Posts, Hops and Links ~ A Roundup

Written By: Jackie Weger - Apr• 19•14

It’s been a busy couple of months. What have we learned? What do we want to know?

populareNovel Authors at Work recently posted an article on Amazon Author Pages and discovered it is not as popular as the articles on Reviews.

We are curious why not. Are indie authors confused about how to compose a bio?

Do most indie authors believe they have their Amazon Author bio perfect?

Confusion can be forgiven—we’ve worn those flip flops.

But if you are not confused and believe your bio speaks to readers and bloggers browsing your book pages—do yourself a favor and read the article. Candidly, with few exceptions indie author bios are seldom perfect. Some are downright sad.

My Amazon Author bio often needs tweaking, too. How do I know? The dang thing is picked up by bloggers and others in RSS feeds and does me shame. I get to a blog I’m following or I check what Google is saying about my titles and there it is—in all of its messy glory! Your Amazon bio is the first hint to readers and fans that you know what you’re doing and that you know how to write. Consider this: Would you start a novel with a bio and description of your main characters with what you have composed as your own bio on Amazon? Bet not!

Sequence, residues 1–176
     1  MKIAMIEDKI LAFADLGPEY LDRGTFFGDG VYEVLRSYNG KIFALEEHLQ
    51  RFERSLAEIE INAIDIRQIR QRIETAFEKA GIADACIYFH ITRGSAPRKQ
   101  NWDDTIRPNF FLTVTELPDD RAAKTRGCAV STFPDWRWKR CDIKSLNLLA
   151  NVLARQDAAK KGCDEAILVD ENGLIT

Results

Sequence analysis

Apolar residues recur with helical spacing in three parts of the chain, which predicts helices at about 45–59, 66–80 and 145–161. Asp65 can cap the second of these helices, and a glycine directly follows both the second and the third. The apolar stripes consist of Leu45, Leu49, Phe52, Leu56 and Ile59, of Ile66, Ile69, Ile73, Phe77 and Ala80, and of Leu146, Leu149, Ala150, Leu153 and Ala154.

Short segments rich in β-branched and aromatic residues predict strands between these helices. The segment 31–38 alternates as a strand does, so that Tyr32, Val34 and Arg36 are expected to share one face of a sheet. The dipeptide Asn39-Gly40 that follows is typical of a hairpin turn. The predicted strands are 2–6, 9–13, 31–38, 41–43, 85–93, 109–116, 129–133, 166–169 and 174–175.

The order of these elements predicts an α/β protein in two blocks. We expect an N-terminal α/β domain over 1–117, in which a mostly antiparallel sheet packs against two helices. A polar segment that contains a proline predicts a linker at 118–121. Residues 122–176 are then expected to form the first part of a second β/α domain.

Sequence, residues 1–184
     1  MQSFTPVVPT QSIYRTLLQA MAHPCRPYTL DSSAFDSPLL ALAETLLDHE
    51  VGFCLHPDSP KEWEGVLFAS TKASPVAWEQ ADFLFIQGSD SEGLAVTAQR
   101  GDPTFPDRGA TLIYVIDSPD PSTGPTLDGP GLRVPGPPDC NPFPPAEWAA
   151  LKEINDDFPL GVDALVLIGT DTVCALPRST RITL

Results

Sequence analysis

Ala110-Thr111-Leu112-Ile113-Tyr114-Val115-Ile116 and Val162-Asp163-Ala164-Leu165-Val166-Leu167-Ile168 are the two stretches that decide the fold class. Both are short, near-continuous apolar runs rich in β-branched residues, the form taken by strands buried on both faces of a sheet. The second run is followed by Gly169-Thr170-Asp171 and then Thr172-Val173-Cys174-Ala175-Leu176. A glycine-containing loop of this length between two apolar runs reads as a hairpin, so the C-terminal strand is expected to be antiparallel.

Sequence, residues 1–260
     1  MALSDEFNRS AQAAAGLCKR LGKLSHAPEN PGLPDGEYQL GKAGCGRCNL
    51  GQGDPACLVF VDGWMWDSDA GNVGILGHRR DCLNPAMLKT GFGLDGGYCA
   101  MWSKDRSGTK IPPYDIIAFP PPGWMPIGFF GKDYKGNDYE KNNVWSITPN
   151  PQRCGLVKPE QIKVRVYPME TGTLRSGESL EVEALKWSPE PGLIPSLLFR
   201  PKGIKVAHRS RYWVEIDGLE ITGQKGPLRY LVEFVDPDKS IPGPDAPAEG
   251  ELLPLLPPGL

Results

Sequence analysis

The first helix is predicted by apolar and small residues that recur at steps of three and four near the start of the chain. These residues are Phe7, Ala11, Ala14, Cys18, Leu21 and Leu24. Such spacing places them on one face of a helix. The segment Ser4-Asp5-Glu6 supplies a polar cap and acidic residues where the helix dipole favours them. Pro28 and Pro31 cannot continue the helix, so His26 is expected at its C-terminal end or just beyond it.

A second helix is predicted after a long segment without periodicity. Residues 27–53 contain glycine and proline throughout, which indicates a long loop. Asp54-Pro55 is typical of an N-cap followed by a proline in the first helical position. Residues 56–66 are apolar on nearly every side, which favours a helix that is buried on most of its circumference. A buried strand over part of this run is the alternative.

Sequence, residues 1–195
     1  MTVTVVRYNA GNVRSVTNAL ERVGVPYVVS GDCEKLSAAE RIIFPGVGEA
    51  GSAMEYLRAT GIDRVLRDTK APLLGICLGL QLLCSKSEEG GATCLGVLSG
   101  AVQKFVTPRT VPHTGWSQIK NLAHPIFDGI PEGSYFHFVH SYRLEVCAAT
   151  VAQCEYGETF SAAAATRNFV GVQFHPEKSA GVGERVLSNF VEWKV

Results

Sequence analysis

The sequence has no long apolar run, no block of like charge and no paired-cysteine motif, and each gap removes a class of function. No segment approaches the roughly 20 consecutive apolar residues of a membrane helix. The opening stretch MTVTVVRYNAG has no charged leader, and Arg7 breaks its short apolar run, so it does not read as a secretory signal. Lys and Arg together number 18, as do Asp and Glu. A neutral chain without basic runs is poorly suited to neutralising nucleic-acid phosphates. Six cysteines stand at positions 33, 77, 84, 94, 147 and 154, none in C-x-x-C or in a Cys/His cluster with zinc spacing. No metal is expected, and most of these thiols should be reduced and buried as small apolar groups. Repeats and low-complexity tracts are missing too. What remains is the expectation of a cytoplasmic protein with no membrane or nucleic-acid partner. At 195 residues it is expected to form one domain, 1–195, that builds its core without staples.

FRBT Badge Template 800

Recently, eight of us in eNovel Authors at Work participated in a hugely successful book tour organized by Tour Director Wendy Ewurum  at Fabulosity Tours. We gathered hundreds of new followers on Twitter, Facebook Likes and dozens of subscribers to eNovel Authors at Work newsletter. As I went about thanking for tweets, retweets and following back new Twitter followers, I spent hours looking in on not less than 150 of their personal webpages and blogs. What an eye-opener!